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rCBUflHID every Thursday, by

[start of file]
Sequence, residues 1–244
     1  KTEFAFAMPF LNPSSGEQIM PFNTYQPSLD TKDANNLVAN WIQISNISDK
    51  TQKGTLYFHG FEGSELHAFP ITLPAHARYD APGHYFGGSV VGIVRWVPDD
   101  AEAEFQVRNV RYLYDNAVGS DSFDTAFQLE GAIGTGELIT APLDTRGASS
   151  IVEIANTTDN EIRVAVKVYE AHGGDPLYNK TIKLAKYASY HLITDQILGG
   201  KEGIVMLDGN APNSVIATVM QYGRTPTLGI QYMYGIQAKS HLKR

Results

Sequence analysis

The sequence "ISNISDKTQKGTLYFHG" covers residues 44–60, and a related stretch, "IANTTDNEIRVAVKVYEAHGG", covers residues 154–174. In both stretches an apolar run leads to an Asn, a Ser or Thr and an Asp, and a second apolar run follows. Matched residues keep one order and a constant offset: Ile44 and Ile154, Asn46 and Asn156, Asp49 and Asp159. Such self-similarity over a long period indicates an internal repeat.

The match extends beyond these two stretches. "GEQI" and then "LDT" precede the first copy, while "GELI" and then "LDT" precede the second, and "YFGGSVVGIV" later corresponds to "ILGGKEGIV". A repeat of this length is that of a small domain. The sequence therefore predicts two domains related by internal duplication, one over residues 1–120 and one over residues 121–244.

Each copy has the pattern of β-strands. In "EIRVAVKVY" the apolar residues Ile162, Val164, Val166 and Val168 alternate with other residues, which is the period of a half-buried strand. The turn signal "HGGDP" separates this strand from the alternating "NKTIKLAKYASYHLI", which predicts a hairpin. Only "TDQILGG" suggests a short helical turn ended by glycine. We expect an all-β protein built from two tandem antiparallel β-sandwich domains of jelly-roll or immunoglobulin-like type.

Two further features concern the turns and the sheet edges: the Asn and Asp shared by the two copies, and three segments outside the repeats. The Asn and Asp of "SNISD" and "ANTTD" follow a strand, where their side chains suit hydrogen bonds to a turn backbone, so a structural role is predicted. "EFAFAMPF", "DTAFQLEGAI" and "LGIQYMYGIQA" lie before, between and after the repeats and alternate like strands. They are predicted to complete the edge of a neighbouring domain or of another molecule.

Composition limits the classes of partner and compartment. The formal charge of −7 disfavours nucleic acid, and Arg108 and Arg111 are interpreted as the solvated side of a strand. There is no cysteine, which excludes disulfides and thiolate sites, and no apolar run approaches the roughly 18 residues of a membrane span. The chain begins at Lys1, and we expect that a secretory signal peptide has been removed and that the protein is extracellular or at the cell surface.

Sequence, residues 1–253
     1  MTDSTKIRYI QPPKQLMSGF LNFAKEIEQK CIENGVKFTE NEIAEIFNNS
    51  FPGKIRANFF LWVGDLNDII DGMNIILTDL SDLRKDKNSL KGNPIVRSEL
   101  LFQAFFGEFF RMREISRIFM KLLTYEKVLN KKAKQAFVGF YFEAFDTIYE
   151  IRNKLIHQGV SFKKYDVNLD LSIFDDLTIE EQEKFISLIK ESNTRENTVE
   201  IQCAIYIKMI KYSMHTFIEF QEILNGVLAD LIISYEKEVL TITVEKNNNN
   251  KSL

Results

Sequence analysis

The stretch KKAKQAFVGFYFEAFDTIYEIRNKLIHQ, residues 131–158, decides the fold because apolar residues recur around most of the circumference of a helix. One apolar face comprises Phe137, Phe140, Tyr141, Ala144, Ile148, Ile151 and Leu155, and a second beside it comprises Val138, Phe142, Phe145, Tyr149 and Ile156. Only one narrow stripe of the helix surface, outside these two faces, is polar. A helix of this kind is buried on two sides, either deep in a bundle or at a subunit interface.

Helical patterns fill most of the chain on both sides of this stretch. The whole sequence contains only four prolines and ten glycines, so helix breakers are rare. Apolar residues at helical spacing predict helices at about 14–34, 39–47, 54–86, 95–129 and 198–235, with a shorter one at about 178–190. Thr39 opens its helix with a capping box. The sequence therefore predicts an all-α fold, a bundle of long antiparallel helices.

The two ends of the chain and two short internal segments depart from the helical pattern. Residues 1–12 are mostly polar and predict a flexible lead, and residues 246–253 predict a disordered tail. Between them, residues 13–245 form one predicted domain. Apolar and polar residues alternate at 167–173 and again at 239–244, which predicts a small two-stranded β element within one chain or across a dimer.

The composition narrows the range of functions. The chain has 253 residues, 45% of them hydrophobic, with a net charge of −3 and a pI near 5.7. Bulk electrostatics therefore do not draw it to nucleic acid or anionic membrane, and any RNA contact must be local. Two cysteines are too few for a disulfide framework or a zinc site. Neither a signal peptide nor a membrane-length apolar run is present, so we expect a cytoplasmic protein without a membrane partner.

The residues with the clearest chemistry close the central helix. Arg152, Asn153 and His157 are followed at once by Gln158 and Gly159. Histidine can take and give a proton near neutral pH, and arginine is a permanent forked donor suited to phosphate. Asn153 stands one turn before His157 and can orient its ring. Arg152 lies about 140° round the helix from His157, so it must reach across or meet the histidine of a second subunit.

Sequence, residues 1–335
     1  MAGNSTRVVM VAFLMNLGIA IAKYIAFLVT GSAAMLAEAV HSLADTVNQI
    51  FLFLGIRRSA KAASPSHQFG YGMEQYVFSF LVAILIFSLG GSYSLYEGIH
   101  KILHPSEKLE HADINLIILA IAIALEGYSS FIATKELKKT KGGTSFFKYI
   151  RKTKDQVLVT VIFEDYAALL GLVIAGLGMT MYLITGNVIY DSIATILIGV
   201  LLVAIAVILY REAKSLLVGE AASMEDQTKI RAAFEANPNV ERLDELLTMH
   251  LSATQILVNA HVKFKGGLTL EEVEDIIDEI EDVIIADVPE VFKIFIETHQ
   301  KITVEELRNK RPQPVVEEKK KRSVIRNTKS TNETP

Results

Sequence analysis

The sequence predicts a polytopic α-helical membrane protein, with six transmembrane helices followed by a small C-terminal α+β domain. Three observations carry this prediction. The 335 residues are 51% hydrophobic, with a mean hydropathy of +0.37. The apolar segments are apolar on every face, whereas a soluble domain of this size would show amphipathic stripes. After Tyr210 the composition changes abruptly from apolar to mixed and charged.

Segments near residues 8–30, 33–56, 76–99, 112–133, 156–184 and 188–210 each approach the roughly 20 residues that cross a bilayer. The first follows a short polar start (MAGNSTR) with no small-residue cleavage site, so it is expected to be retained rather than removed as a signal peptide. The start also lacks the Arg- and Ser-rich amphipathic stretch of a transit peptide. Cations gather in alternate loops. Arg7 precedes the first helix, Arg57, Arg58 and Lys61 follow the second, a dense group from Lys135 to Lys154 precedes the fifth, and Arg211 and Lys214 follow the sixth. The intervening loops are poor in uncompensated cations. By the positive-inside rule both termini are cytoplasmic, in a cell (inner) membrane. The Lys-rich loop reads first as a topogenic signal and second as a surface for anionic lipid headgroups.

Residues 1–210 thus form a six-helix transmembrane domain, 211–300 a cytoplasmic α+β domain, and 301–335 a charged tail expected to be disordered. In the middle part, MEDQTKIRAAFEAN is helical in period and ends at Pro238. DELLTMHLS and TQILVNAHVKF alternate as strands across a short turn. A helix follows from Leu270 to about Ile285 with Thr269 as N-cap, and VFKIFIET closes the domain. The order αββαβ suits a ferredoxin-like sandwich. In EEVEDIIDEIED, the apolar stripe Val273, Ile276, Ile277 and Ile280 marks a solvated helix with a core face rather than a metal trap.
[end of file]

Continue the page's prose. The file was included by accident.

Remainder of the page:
W. E. A A. W. BItATTON At Britten's Building, East or the Court-House. TERMS OF SUBSCRIPTION. Ooeyaar, ..,.r, .,. ..... $1 CO KigbvuMJU-.v.. ii . ..... .a oo 0mia. mAMlllH fr t JVUf UIVUIUD) iymiit ia adyance, la all eases. r 50 . wtMal a rnn its r v Athens, ,-McAjtuur.O Constable and Constable, mnuwlrVD' il r A TIT McArtkur. .,,.?.,(.-- Ohio, WILL attend promptly to til limines In traated to their care, in Vinton anil Ath eii aoublloe, on any of the courts of I he 7th Jndialal tlist.,'end in the Circuit contti of tbe V. 8. for the Southe rn district of Ohio. Claims gainst the Go vera meat, pensions, bouLty and pmc pay eoiieoiea. janetr A. BSATTSN. ARCtl.MAYO BRATTON & MAYO, ATTORNEYS AT LAW, JIcArtbar, Vinton County, Ohio, WILL' attend to all legal brut nets intrusted to their oars in Vlpton,Ath,er.,Jao Vs"o, Soti, Hooking, and adlninina; eonnlies. Partlo iler itrentioB g'ven to the collection of soldiers elairos for pensions, bounties, arrears of pay a, against i he U S or Ohio, including Mor (an raid claims. -, , . , jan4 0tPB lADB01tT. WlLLIABT MARK. bhadbury w mark; ATTORNEYS AT LAW, McArtnur, Vinton County, Ohio p ii r r TTJILL attend promp'ly to all Wineas e- i iruncu iq inair care, in vinun inn A'o a eountioH. OlBee iq Hubert's build in?, ov er lue eon Ulltoe, np stairs. ar.iaotf tt. XV. j. WOLTZ, DIALER M AND REPAIRI R Of WATCHES, CLOCKS, JEWEL RY, AND Musical Instruments, lltfl-HEBTTiJcfLDlsO, tcARTlIUR; .... .- . Ohio. "8 .Kinney, Bundy & Co.. t ; B A I K 13 It . JACKSON, C. OHIO. OOLlCIfiho acorunta of business mon and O individuals of Jackson. Vinton, and adjoin iof oonntits doalers to r.claDger uncurrent looey and coin make collections in all parts r oe country, sua remit jroceeis p.rompiij n he day wage! rdtnro,,1 Government socu r I ties and revenue stamps tlvay on hand and fertile. '-(7lnteresl paid on time c'eposlt. tSfocanoi.Dus : 11 LChsimart President t II V Buady, Vice IVesMeat: f W Kinnoy Cashier; win Kinney; is iuiw!cu;a a Austin;. j u Cfak;.W K Burke; FLndwiuk. .-' o3UmA Drown, Mackey, and Co., ' 1 i AVholcsale Grocers. ' No. 22 Paint street, Cliilllcothc, O. MERCHANTS of MeArhur and m r round ing oouutrj-, are roKpeutfully invitod to eail and examiao our itock conrialng of every thing In the grocery line, which we will sell as low a the lowest and all goods warranted to ba jnst aw repreitenled. Before pnrohlng else where joa will do well to call And ace ui, as we will offer yon Inducements not to ba beaten. No 23 I'ulnt stre't', Cuillicothe, 0.1 door south f JstcKellw (jaotDssraro store. ' do21ni3 Railroads. M. & C. R. R. TIME TABLE. ?HOU December 3rd ,18rtb. Train will !.. leave Station- named as follows i coixa EAAT. Mail. Night Ex. . . . 9 10 a in 12 35 a ni 2 00 p m 3 05 a m 3 45 p ni- 6 31 a m ' 4 18 p m 7 01 a m 8 20 p m 11 10 a in OISO WEST, Mail. Xigfit Ex. Station. ' Cincinnati, Chill Ico the, Hamdeti, Silenkl, arriotta, Station. Marrk'ttv Zaleskl, , Hamden, -Chlllicotbe, , 0 43 a ra ; 7 us pm 9 23 a m 11 00 pm 1109 am 1142 pm 11 53 a m 1 20 u m iincinnatt, 4 55 p m 6 00 a in Trains connect at HamJou with Mail train, to and from PorUmontb O. dec-7-C J CXIFTOIV HOUSE, Cornpr Sixth and Eha . Streets, ' ' 1 1 Cincinnati Ohio.' THE CHEAPEST HOUSE IN THE CITY i ' Terms $2,00 per Day. OMNIBUSSE8 carry al! passengers to and froia tbe care. Tbe now depot of tho Harrietts and Cincinnati Railroad, corner Hum and Pearl streets, is only four squares from this house, making it convenient for pas aengers to stops the Clifton. de3-6m Special Notices. X- . DR. STRICKLAND'S Cough ; KO noun. ' VELLirLVOUS IS warranted to be the only preparatiut known to eara Conghe, Colds, Uoarseuess, Asthma, Whooping Cough, Chronlo Coughs, Consumption, Bronchitis and Croup. Bring prepare d from Eonuy add Herbs it (a healing, softening . and expectorating, an t particular y ralUbhirfor air affeoticna of tbe Throat and Lwnga. For sale by all Drngjlst everywhere. IWoerjfMjfi.ly. , .! l,Z e'iA TH at CON rM IOW AHIXBIPtHI .n ancaoj jp jicTAXiD. PablishM aa- aj tnef t'ranjd 'ai a oaotion to - took mm and others, who suffer from nervous debility, premature .decay -of Manhood, &c, supplying ai tho same time Tna mians of aitf n aoai. By en who baa cured himself after un- - dorgoing considerable quackery. By enclosing 1-a post-paid addressed envelope, single aoples - free of ebsrffs, may be had of the aathor. e.v HAJHANIEL BAYFAlB,. Brooklyn, r. jDnga oo., Wew.York. , .. . , ; , , febl-ly NOTICK-Anv parsoa obtaining ten sb . aenbara, nd sending ns the money, tni tottAa,sksll netiT tat Twto Bites MS year fratll. VOL. 1. 1 iitlisli M'ARTHUK. VINTON C0UN1T; OHIO, MAY 10, mm. NO.. 20. Special Notices. Poetical. My Mother's Picture. - r 'i . pw7 njothcr, wlien 1, gara upon This holy face of thine, Thy virtues, like so many stars, Around it seem to shine. 1 fuel myself again a chDd,' T ' : Ih sport about your knee; - I look up for your sunny smile, I never more shall sec. I think I feel your blessd kiss ' Of love upon my cheek ; . I listen for those tender word3 You never more will speak.r I gaze upon this miniature, . . This little type of thee, , , . . . And think this little piece of brittle glass as mi limb s iviv vu uie. - - All, no! fond mother, well I know' Y'ou loved your wayward child, And this remembrance will to me Life's bitter enres beguila. . , . , Oh I mother gtilde'my wanderinj feet Where sins are all' forgiven, That I may see your angvl face," ,. , And bo your child iu Heaven. [From the Athens Messenger. To Mary in Trouble. BY ANNA. There's a frown upon your brOw, Mary, A tear within your eye, A.scbra'Upqn your Hp, Mary j . " Why is it, Mary, why? ' Methouirht thy path of Hfc; Mary, Meandered through sweet vales, ' "Where flowers' margined rivulets, Were fanned by softest gales. I'd eve'ii (fared fo'drcau," Mary," ' 'vXo passion's storm could rage, And leave its dire destruction track Upon thy youug heart's page. You say that "frleuds are fulsc," Marj' ; 'TIs but an old, old tale If one ever had so many friends, ' , . ; . But some were sure to fall. And do yon deem this life, Mary, , Is naught but stars and sun ? With thornlcss flowers 'long all the way, And we glide unharmed on ? Ah, no ! 'tis never so, Mary, ' For clouds will often rise, And storms may close tbe day, Mary, That ope'd with fairest skies. ' Flowers that loveliest blopin, Mary, Are oft with poison filleti,, , And m&ny a trusting heart, Maj-y, ' tb'e'sparkllBg'cuj? has'cbmbd.iv ' Y'et do not be dismayed, Mary, , The clouds will soon remove : Other flowers will bloom, Mary, And some may thornless prove. But you must trust in God, Mary : Without Him friends arc' naught; Ask and He'll not refuse, Mary, To guide your every thought. Xone ever came to Illtn, Mar-, . With earnest, trustful prayer, But found the heart grow light, Mary, The way grow smooth and fair. BY ANNA. Athens, O., April 29, 1866. BY ANNA. Athens, O., April 29, 1866. Miscellaneous. The Way to Keep Him. "Out again to-night ?" said Mrs. Hayes," fretfully, as her husband rose from the tea-table, and donned us great coat. "Yes, I have an engagement with Moore. , I shall bo in early : have a lisht in the library. Good night." And with a careless nod, William Hayes left the room. ' ? "Always the way'- murmured Lizzie Hayes; sinking back upon the sofa. ,"0ut every, night. I don't believe he loves me any more. Oh, dear,, why is it? I was not rich ; he did not marry me for my money, and he must have loved me then ; why does he treat me with so much neglect?" And with her mind filled with 6uch frightful queries," Lizzie fell asleep on the Boia. i. Let me paint her picture as 6he ay'there. She was a blonde, with a small graceful figure, and a pret ty face. The hair, which ' showed by its rich waves its natural tend ency to curl, was brushed smooth- y back, and gathered into a ricn knot at the back it was such a bother-to j curl . it, she said her cheek was' pale, and her whole face wore a discontented expression. Her dress was a neat( chintz wrap pel', but she wore neither fjollars nor sleeves, "wnat's tiie use oi dressing up just for William?? ; Lizzie slept soundly for two hours, and then awoka suddenly.". :Sh4 sat up, glanced at the clock, and sighed drearily, at the prospect of the long interval still , to be . spenftoefore bedtime, f . , - The' library,' was just over the room in which she sat, and dow the fura ace-flue, through the regis ter, a voice came to the young wife's ears.' . It was her husband's ' , 'Well, Moore, what's a man to do? I must have pleasure somewhere. Who would have fancied that Lizzie eTarvis, so pretty, sprightly, i and loving, could change to the fretful dowdy she is now? . Who wants to stay at home to hear his wife whi ning all the. evening about her ' troublesome (servants,; - and her headache and all sorts of bothers? She's got the knack of that drawl ing whine so pat,pon my life, I don't believe she can speak pleas antly." ' :". ,r,r ' ' ,.' - Lizzie Sat as if stunned. ' Was this true? : She looked in the glass. If not exactly dowdy, her costume was certainly not suitable for an evening with only William :to 'ad mire. She rose, and softly went to her room, with, bitter', ; sorrowful thoughts,- and a firm resolution to win back her htfshand's heart," and then, his loVe' regained, to keep it The next morning William came into the breakfast room with his usual careless manner, but a bright smile came on his lips as hq ' saw Lizzie. ! A pretty chintz, with neat collar and sleeves of show-white muslin', with a wreath of soft full curls, had ' really metamorphosed her; while tho. blush her husband's, admiring glancb- called up to her cheek did'.nbt 'detract from her beauty., At first William thought there must b6 a guest, but' glanc ing around, " he found they .were alone,-;; - - - ,MCp"me, Wijlianl', your coffee will sodn' bb cold," said - Lizzie !iii a cheerful, pleasant voice, j i, "It must :be. cool tjll you sweeten my breakfast with a kiss,". said her husband crossing the. room to, her side; and LizzieVljeart bounded a$ she recognizetl the old lover's tone and manner.' ' . ' , '' " ' Not one fretful speech, not ons complaint fell upon William's ear through the meal.' The newspaper, the usuaj solaco of that hour, lay untouched, as; Lizzie i chatted gaily on-every pleasant topic she-could think of, warmi ng by ! his grateful interest and cordial manner. ; r;.: "You will be home to dinner?? she said, as he .went out. 'Can't to-day, Lizzie ; I've busi ness out of town; but I'll be home early to tea. Have something sub stantial, for I dph't 'expect to dine. Good-bye.'1 And the smiling Jodk; warm kiss, and lively whistle, were a marked contrast to his lounging, careless gait of the previous even ing. ;. " . ! "Iam in 'the right path," , said Lizzie, in a low , whisper. "Oh, what a fool I have been for the last two years! 'A fretful dowdy!' William, you shall never say that again." ' . . Lizzie loved her husband ,with real wifely devotion, and her lips would quiver as she thought of his confidence to his friend Moore; but like a brave little woman, she stif led back the bitter feelings, and tripped off to perfect her plans. The grand piano, silent for months, was opened, and the linen covers taken from the furniture, Lizzie saying, "He shan't find any parlors more pleasant than ; his own, I'm determined." - Tea-time came, and ' William came with it. A little figure in a tasty, bright silk dress, smooth curls, and oh! such . a lovely blush and smile, stood ready to welcome William as he came in ; and tea time passed as th6 morning meal had donoi After tea there was no movement as visual toward the hat rack." William stood up beside the table, lingering and chatting, until Lizzie arose. ' She led him to the light, warm parlors, in their pretty glow of tasteful arrangement, and drew him down on the sofa beside her. : He felt as if ho were court ing over again, as ho watched her fingers, busy' .With 'some' fancy needlework, And ' listened to the cheerful voice he, had loved so dearly two years before. . ' " "What are' you making, Lizzie?" "A pair of slippers." Don't you remember how much you admired the pair I worked for you oh ! ev er so long j ago?' ' ' "I remember black velvet, with flowers ;n them. I - used ' to put my feet on the fenders, and dream of blue eyes and bright ' curls, and wished time would move: faster to the day when I could bring my bonny wife home to make music in my house." 'rt v ' ' ; Lizzie's face" saddened for a mo ment, as :Bhe thought of the last two yearsand how little m'usic 6he had made for his loving heart, grad ually weaning it( from its allegi ance, and then she said; 1 '; ' ',"1 wonder , if. you love music as much p6w as. you did GxenV , ! ?,Of .course, T dp. " I Very- often drop into' Mrs. Smith's 'for nothing else than to hear the music." ' " "I can play and sing better than Airs, bnilth," said Lizzie, pouting. "But jrou always say you are out oi; practice when 1 ask you." , "I had'the piano tuned this mor ning: Now open it and- we will see how it sounds." i William , obeyed joyfully, and tossing i aside her sewing, Lizzie took the) piano-stool. She had a very swfet voice, not powerlul, but most musical, ana was a very fair performer on the piano." .. "Ballids, Lizzie.',' . "Ohj tes, I know you dislike op era music in a parlor." . . One ajong after, another, with a nocwrf, or lively instrumental piece, occasionally, between them, nuea mranouier Hour pleasantly. . The little mantle clock struck eleventh.:' , . "Eleven ! I thought it was about nine. . 1 ought to apologize, Lizzie, as I useij to do, for staying so long; and I c?in truly say, as I did then, that the time has passed so pleas antly I,pan scarcely believe it is so late." .f . Tho piano was closed, Lizzie's work' pu. up in the basket, and Williaui was ready to go up stairs ; but glancing back, ho saw his lit tle wife near the fireplace,her hands clasped, her head bent, and large tears, falling .from her eyes. He was beSide her in an instant. "Lizxie, darling; are you ill? What the matter?" , , , "Oh, William, I have been such abad 'wife I hear! you tell Mr. Moore' fast evening how I' had dis appointed you ; but I will try to make your home pleasant. Indeed I will, jf you will forgive and love me.",,.; ,;,f ... - - . "Love you I Oh, Lizzie, you can't guess how dearly I. love you!" As , the little wife lay down that nightJ she thought :. . , "I have; yvori him '. back again! Better' than that. I have learned The )at to Keep HimI" Tilting Hoops. . That it is necessary, in the cause of public decency, to say nothing a.bput good morals, for public jour nals to enter a protest against an infamous lashifln sio.W8.hQW terri bly society is becoming ' demoral ized. Tne: tilting hoop mania among the women and girls of res pectable families, is a startling ep isode in American society. That women of mature years should wear them, and thus expose their persons to the lascivious gaze of street loafers, are indications that the wearers naturally, if not really, belong to the abandoned class by whom this detestable fashion wad first inaugurated but' that young girls of respectable families are al lowed to appear on the street in a guise which identifies them with publio prostitutes, with the sanc tion or permission of their parents, argues very, poorly for the good sense or discretion of their parents or guardians. ; Such sights are now daily to be witnessed on our streets, as would shame the Lorettes of Paris and bring a blush to the cheeks of Cy prians. ,:We have seen young la dies of the most respectable (so calledi families of this city, ex pose tneir persons through the in strumentality of . this infamous iashionin a manner which calls loudly for the action of the police. To, the conservative influence of that body we appeal for the pro tection of public morals. They should arrest every woman who appears upon the streets in thu abominable guise. This seems to be the only effective remedy against that fearful abandonment of Amer ican women to the behests of fash ion., .Let the remedy be . adopted at once. It must be evident that a crisis is being forced on in the fashionable world which will soon er or later call forth ' the "armed intervention" of the public author New York Union. ,t ,Two gentlemen walking together were talking of the senses seeing, feeling and the like. One remark ed that his sense of hearing was remarkable for its acuteness, while the other was hot wonderfully en dowed in this respect, but observed that his . vision was . wonderful. "Now, to illustrate,'' said he, J can see a fly on the spire of yonder church.' The other looked sharply at the place indicated. 'AhP said he, 'I can't see him, but I can hear him step.',-' ! " Why cannot a deaf man be le gally convicted? Because it is not lawful to trondenm a 'man ' withoot ahearingJ ":':''-: 'r' ' ' ' The Ruling Passion Strong in Death. We have read somewhere of a hard case whom his friends had tried every way to reclaim from his confirmed habit of drinking. As a last experiment, they took him one night, while dead ' drunk, and placed him away in a' coffin. In order to convince him still strong er that he was dead and gone, a friend consented to disguise and stow himself away in another col fin to watch the effect, and carry out according to circumstances tho seriousjoke. Having got over his nap, the he ro of the story raised himself slow ly in his coffin the next morning, and looked around with no little surprise. Seeing the other man in the same fix, he shook Im muddy head and rubbed his eyes and said: "Hallo, stranger, can't you give me an item?" "You? why you'ro dead and bur ied." : . . . "You don't say so!" . "Yes, but you are." "Well, you're in tho samo bad snap, ain't you ?" . . " "Yes, I am, too." " "Poor fellow !. Well, I must have died very sudden anyhow. I was out on a regular spree last night " "Oh, me, you are mistaken. You have been dead and buried three years." "The devil I have ! Well it don't seem long to me. ' How long have you been here, I'd like to know?" "Five years." . ' "Five, eh! Well as you have been here longer than I have, and know the place better, just tell me where I can get a good gin cock tail?" ' - To Wood-Growers. The following remarks in refer ence to preparing wool for market, is copied from a circular issued by Tyler, Mclnnes & Co., Wool Com mission Merchants, Boston : ; "It is very important that wool growers should pay more attention to the order in which their wool is prepared for market, and, as the next fllip.is near at hand, we'deem it necessary ltd 'say a few words pn 11113 BUUJUUU In order to secure a quick sale and extreme market rates, wool should be well washed.' and clipped in seven or ten days after washing. All buck fleeces, washed or un washed, all half washed, and all that remains two or three weeks alter washing before it 13 clipped, manufacturer's will not purchase except at one-third discount off. . Wool-growers cannot pay too much attention to this matter. A lot of wool well washed and in good order always attracts the at tention of buyers, and Commands a price more than sufficient to pay for the- extra care and labor be stowed upon it." How to Grow Beautiful. Persons may outgrow disease and become healthy by proper attention to the laws of their phys ical constitution. By moderate and dally exercise, men may become active and strong in limb and muscle. But to grow beautiful, howf Age dims tho lustre of the eye and pales the roses on beauty's cheek: while crowsfeet and furrows, and wrinkles, and lost teeth, and gray hairs, and bald bead, and tottering limbs, and limning, most sadly mar the human form divine. But dim as the eye is. pnlld and suiiken as may be the face of beauty, and :rati anu reeuie tnat once strong, erect, and manly body, the immortal soul, just tleflir- ing its wings for its home in heaven, may look out through thoee faded windows ;is beautiful as the dew-drop of summer's morning, as melting as the tears that glis ten in affection's eye by growing kindly, by cultivating sympathy with all human kind, by cherishing forbearance toward the follies and foibles of our race, and feeding, day by day, on that love to Uod and man wh ich Win us from the brute and makes us akin to angels. Anecdote of Dr. Kmmons. A Panthe ist miuister met him one day and abruptly asked "Mr. Emmons, how old are yon r 'Sixty, sir; and how old are you?" "As old as the creation," was the answer, in a triumphant tone. -Then you are Of the same age with Ad am and Eve J" "Certainly ; I Was in the garden when they were." "I have always heard that there was a third person in the garden with them," re plied the doctor with great coolness; "but 1 never knew before that it was you t" We heard a lawyer and a doctor disputing the other day about a bill a fellow owed ea:h of them. He was only able to pay one of thtm, and so he left the matter to them selves as to who ought to have the money. ' "I ought to have the money, as a matter of course," said the law yer, "for I saved him from going to thepenitentiary.' . .. "Well, said the doctor, "I saved him from going to h 11 ? ' It is needless to add which on fot the money. - ! ; . ; ADVEKTISlJiO-.TECMS.! Ons square, ten lines, $1 OO Each additional insertion, 40 Cards, per year, ten llnc , $ po Notices of Executors, AdnilnUtra-' f tors and Guardians, 2 OO Attachment potices before J. IV;. ' Z OO Local notices, per line, . . . ;i lO Yearly advertUimants will bt charged $00 pit column, and at porportlonate rates for lew than a column.. Payable ia advance... To Wood-Growers. Wit and Humor. Wht is the rinderpest - like a mouse? Because the cat'll (cattle) catch iC , Wht is a retired printer like an express agent? Because he's 'An ex-pressman. ... " - '..; " i inn - i fc i Why is playing chess a more ex emplary occupation- thari ' -pla jirig csrds? Because Vou nlav at carda with four knaves,", " ..'"., '.' "V'"1 A max proves himself III to 'go higher, who shop that he is faith ful where he is. ' ,: ' ' "' i Men's brains ouirht to work vrr o j smoothly now, they have so much oil on them. . . .it Yocxo gentlemen who would" tirnnnnr in Inv clmnU irnn irantlv t is not fashionable for young la dies to tatce ardent spirits. 'Shall I cut tho line , of mutton saddlewise? 'No,' was tho reply cut it bridle wise, for then we may get a bit in our mouths.' i ' ' , - - e - r - - i ' - ' i Most of the shadows that cro$4 our pathway in life are caused by our standing m our own light., it . Gon proportions out our trials, and supplies us with a remedy ( where lus rod strikes us his stalf supports us. .' ; , . ' ,, ' ' Air old bachelor says that he re ceived a basket of peaches last season that looked as thougn pret ty girls had watched their growth and tinted them with their blushes'. i ,,, , i Dr. Steveks Merritt, the wit ness who testified 'so positively, few days ago, as to Jeff.' Davis' complicity with' the ' assassination plots, was re-examined, on - Satur day, and contradicted his previous statement. -'. n Farsox Browmlow says that, ho is not afraid to indorse Sumner arid Stevens on his own , dung-hill. ,, dung-hill, say 8 Prentice, is tho on ly place where they should be, in dorsed, , u ' i 'A mA out West-says" ; he mov so often1 during TW'e7ear!tli at ' whenever a covered wagon stopped at his gate, his chickens would fall on their backs and hold up ' their feet to be tied and thrown in.' ; r . ... . 'i "Now, my little boys and girls, said a teacher, 'I want you to bo very still so still that you can hear a pin drop.' For a minute all was still, and a little boy shrieked, 'let her drap!' . ' Ix may interest American ladies to know that the fashions which they adopt with such avidity and follow with tuch rigid undeviation, are born of the voluptuous fancy of Parisienua whose company they would shun and at contact with whom they would shudder. They are neither maids nor wives. The following funny advertise me it of a runaway wife, wa3 ' re cently posted in a town in .North ern New York: ; : , , M .! "My nam dats Peter Kovllle.'my wife '8 nam dats Peter Koville too. He lef my house and no ax me, any man dat truss him on ray nam dats loss for you." - A furrier, wishing to inform tho public that he would make up furs in a fashionable manner, out of old furs which ladies have at home apt- pended the following to his adver tisement: ' ' i'.c'-.' N. B. Capes, victorines, &., made up for ladies in fashionable styles, out of their own skins. , , Artemu8 Ward thus idescribes his perils at sea : , . ; ,.; . , i .-,. "Deth stared us in the facev But we had rather the advantage of Deth. While Deth stared us into the face thare was about seventy of us staring Deth into the face The prospect wasn't pleasing; to us. Not much. I don't know how Deth liked it. ", Ax Irish CoxruMEiiT. When Beast Butler was about to take his leave of New Orleans,qoite a crowd gathered to bid him goed-tye One Irish woman handed her baby for a kiss, and taking the General by the hand addressed him; ' 1 "Good-bye, General; 111 ' lay this for ye's that ye nevet stole ' any thing from mot Good-bye, Get erai ,' 1 V':- .if-1 ' yThe atUniSon ohmm'i called to the article j rtrenoto farming, on, the Fwrrth w '